Good day, dear friend!
It is very difficult for me to write this letter. I don’t want to say goodbye at all. To my great regret, I was forced to leave Russia and resign as the director of Nochlezhka. Of course, I will help my colleagues remotely as much as I can, but it would be strange to try and run everything from afar. Danya Kramorov, our longtime volunteer, coordinator, and until recently the head of fundraising and PR, will replace me as head of our organization.
Twenty years ago, I came to Nochlezhka myself as a volunteer, and in 2010 I became an employee. Back then it was a lovely and proud little organization. That hasn’t changed, but the scale of our work has. Currently, we are helping 480-490 people in Petersburg and Moscow every day. Together we have opened free showers, laundries, warming-up spots, and rehabilitation shelters. In our approach to helping people in need, we have grown into providing psychological assistance, employment programs, training in new professions, and a dedicated rehabilitation shelter for homeless people suffering from alcohol addiction. Just as twenty years ago, everyone who comes to us for help or provides assistance in any of our current projects is treated like a human being. I’m confident that things will always be like this at Nochlezhka. It is a huge effort by many people, and if you are reading this, you are one of them. I would very much like to list everyone by name, but only last year Nochlezhka was supported by donations from over 20,000 people. Thank you very much!
Nochlezhka is much bigger than Grisha Sverdlin. Nochlezhka is my colleagues, a wonderful, professional team of eighty people. Nochlezhka is the hundreds of volunteers from all over the world who respond to our call. Nochlezhka is the thousands of people who donate money and medicines, food and clothes to us, who read our news and don’t believe the stereotypes [about homeless people and homelessness]. Nochlezhka is the companies that provide their services for free. Nochlezhka is you.
With the help of this huge cool team, just last year we helped 8,165 people in need. No matter what happens, this year we will definitely keep all our projects running so that anyone who turns to us can keep their health and dignity and return to a normal life. Moreover, this summer we will be opening a shelter for elderly homeless people in the Leningrad Region, and in late March we will launch the long-awaited restaurant Street Entrance, where the residents of our rehabilitation shelters will master new trades that will enable them to continue getting their lives back together.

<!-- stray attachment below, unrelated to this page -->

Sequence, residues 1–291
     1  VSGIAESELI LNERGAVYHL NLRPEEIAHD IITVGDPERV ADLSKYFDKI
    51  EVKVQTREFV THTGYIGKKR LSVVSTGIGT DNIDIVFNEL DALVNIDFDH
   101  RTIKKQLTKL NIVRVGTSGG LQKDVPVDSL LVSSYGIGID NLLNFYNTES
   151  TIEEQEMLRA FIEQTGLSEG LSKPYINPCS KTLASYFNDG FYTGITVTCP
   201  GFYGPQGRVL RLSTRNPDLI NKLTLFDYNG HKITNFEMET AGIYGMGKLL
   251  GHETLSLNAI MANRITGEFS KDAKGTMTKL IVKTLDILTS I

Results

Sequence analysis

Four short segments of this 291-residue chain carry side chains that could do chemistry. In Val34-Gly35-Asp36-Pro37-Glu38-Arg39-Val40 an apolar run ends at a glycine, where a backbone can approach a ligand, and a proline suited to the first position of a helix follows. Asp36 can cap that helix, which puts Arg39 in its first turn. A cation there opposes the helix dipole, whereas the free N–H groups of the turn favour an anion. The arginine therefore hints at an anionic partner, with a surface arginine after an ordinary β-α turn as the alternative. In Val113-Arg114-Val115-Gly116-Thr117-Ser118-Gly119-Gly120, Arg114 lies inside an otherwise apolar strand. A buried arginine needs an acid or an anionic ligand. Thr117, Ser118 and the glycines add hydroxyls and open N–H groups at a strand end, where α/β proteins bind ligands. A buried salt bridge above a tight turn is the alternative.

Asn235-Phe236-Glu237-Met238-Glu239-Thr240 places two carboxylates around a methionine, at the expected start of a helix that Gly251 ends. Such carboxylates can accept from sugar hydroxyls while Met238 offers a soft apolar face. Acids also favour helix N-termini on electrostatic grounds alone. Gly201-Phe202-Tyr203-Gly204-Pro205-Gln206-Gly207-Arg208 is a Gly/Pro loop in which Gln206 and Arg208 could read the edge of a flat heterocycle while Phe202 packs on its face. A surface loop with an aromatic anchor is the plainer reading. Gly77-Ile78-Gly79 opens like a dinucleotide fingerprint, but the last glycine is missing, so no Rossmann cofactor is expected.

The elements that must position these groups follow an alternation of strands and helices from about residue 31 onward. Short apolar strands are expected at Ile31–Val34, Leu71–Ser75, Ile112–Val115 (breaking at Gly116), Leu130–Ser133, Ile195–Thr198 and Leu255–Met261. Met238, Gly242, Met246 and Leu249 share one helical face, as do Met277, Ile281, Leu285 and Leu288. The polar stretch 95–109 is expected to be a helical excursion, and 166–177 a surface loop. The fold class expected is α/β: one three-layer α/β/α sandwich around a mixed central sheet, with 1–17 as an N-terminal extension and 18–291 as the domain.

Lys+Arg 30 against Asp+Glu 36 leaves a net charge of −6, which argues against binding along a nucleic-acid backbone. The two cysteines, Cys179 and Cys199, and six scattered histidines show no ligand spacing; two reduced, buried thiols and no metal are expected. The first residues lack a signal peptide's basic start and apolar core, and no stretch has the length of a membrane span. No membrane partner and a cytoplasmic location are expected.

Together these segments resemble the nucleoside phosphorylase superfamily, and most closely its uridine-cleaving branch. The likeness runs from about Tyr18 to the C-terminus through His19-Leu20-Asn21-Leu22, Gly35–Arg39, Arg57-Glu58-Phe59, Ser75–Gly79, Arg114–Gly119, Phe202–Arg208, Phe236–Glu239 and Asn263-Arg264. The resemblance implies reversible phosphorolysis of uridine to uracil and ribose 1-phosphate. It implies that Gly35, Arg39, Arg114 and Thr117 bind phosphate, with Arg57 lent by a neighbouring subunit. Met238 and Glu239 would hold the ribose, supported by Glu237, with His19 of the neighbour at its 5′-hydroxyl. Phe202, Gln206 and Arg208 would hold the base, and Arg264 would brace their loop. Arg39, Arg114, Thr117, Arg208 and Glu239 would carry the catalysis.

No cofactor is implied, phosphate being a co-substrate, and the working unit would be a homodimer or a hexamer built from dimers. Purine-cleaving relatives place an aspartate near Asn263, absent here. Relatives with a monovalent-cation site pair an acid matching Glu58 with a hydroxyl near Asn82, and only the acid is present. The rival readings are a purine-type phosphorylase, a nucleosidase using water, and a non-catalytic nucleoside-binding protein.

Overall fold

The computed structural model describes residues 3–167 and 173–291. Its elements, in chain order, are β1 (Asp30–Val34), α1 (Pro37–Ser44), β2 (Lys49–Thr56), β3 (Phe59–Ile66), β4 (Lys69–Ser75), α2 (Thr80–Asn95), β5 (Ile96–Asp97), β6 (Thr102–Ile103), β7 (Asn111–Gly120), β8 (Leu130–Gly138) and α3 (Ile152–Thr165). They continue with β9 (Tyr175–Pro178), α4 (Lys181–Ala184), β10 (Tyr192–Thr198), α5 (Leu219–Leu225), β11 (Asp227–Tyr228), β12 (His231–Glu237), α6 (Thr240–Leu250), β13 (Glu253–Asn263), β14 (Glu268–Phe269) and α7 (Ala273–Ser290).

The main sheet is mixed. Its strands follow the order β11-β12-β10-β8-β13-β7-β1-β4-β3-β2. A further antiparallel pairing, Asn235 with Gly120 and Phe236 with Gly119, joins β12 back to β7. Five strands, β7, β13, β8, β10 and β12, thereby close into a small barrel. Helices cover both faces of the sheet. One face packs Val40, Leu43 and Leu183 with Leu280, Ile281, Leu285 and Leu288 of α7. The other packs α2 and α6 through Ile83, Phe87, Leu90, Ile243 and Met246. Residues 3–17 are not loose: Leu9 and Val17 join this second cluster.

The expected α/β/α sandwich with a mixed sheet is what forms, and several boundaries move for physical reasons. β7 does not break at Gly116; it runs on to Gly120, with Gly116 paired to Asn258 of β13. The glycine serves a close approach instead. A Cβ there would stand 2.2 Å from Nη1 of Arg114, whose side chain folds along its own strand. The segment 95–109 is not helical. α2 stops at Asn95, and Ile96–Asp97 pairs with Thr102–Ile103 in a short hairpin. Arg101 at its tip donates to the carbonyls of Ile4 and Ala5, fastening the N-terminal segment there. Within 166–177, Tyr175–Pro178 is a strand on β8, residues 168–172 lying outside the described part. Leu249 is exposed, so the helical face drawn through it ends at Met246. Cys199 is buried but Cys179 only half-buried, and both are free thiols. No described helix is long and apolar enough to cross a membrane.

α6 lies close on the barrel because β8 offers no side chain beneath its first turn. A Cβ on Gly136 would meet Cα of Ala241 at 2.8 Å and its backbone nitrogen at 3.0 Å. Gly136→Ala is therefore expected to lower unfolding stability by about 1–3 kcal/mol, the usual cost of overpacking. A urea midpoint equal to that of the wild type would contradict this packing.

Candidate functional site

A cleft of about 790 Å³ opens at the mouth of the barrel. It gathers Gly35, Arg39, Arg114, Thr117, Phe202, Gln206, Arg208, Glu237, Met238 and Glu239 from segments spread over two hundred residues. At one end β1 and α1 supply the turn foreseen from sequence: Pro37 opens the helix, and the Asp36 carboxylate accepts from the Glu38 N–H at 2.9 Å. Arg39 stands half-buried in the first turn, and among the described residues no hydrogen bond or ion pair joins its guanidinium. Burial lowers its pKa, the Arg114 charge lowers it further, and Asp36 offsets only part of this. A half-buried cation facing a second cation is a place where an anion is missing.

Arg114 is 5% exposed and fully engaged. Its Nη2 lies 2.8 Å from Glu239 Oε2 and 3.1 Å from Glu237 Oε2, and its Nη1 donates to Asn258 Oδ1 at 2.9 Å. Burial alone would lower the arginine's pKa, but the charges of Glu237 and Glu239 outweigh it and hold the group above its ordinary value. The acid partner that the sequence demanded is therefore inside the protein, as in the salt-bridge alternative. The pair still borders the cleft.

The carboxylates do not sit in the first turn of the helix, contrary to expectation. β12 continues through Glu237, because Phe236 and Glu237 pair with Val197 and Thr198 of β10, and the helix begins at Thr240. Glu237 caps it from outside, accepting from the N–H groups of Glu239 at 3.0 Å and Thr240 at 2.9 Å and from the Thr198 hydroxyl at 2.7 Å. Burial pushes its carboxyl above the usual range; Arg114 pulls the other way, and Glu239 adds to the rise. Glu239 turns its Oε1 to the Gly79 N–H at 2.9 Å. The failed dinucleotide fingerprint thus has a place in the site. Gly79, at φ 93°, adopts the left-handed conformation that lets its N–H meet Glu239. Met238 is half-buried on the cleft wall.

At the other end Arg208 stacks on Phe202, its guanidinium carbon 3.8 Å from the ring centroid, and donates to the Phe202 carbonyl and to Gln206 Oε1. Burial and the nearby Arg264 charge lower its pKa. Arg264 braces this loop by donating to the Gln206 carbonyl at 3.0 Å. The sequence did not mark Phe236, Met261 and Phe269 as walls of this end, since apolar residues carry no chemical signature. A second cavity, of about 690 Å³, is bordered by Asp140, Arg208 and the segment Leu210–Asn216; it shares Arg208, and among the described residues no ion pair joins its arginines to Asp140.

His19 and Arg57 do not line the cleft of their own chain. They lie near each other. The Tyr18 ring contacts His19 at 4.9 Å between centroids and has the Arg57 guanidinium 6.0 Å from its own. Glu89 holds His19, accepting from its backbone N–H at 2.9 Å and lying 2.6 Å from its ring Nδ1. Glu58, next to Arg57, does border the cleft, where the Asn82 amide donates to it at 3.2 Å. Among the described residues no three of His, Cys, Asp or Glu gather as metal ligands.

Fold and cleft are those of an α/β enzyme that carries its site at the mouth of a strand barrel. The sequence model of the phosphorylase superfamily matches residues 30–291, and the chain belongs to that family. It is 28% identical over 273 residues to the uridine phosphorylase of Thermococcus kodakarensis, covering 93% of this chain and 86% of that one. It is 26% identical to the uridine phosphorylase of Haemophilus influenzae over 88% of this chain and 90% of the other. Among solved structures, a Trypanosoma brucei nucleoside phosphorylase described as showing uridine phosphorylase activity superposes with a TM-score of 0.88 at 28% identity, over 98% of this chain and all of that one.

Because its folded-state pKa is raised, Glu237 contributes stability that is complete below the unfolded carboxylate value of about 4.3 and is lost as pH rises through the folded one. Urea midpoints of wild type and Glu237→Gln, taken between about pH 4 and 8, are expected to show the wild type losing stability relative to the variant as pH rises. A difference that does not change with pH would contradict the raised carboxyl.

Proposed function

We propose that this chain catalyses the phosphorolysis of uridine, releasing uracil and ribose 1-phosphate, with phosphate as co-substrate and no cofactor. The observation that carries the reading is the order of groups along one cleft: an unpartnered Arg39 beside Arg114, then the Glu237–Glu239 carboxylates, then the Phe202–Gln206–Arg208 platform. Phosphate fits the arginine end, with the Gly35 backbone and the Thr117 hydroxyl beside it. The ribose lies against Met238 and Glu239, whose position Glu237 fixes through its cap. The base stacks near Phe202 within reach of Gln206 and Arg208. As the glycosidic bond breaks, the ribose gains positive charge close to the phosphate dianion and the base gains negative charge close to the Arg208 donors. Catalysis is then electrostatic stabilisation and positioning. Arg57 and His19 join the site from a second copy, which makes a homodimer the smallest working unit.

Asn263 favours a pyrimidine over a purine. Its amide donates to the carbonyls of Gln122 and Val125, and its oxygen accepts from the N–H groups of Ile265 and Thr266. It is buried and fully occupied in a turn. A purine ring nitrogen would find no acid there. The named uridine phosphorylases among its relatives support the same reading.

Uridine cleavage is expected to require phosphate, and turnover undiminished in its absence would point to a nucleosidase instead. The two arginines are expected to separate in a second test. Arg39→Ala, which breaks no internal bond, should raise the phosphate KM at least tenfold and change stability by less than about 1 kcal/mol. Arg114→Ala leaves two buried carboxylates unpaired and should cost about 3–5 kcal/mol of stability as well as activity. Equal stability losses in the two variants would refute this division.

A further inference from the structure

I’m terribly sorry that I won’t be at the grand opening. I had planned to spend most of my salary at our restaurant. It’s incredibly cozy and the food is very, very tasty. But enjoy yourselves there for me, please! And I will wait for the day when we can meet at the bar and discuss the good news.
Nochlezhka will continue to operate even if the earth crashes into the celestial axis. And I will continue to classify myself as a Nochlezhkin, remaining a volunteer and donor of this organization so dear to my heart. Unfortunately, more and more people will need our help in the coming months. And since that is the case, we will continue to help them, of course.
Source: Nochlezhka email newsletter, 15 March 2022. Translated by the Russian Reader. I was a volunteer at Nochlezhka and its (now defunct) “street newspaper” Na Dne (The Depths) in the mid-nineties. Although I included the original link in Mr. Sverdlin’s letter to Nochlezhka’s donations page, it would seem that people outside Russia can no longer donate money to the organization, as they could only a short time ago. I tried just now to donate 1,000 rubles using a European-issued MasterCard, but the transaction was declined. However, I immediately got a message from Nochlezhka saying that they could see that I had tried to donate but that something had gone wrong on their bank’s end. I write this not by way of soliciting donations for Nochlezhka but to illustrate the difficulties charitable organizations in Russia now find themselves in. And, although he doesn’t mention this in his letter, Mr. Sverdlin has written on social media that he left the country because several reliable sources told him that he was in danger of arrest. ||| TRR
UPDATE (3.15.22) Nochlezhka’s project coordinator has written to me to confirm that, indeed, it is no longer possible to make donations to them using non-Russian bank cards and non-Russian payment systems. She cited the advice to donors that Nochlezhka published on its website earlier today. The last two paragraphs of that advice read as follows:
Payment via Google Pay, Samsung Pay and Apple Pay has been blocked for Visa and Mastercard cardholders. This means that one-time and regular donations that were issued in this way are no longer valid. Please re-register your donation if it has been made using one of the methods listed. You can manually sign up for a new donation payment using the form on our website.
Currently, bank cards from foreign banks cannot be used to donate money for our work. We are no longer receiving money transferred through Global Giving and PayPal. We will look for new ways [to donate] for anyone who does not have a Russian bank card, and we will definitely inform you as soon as we find them.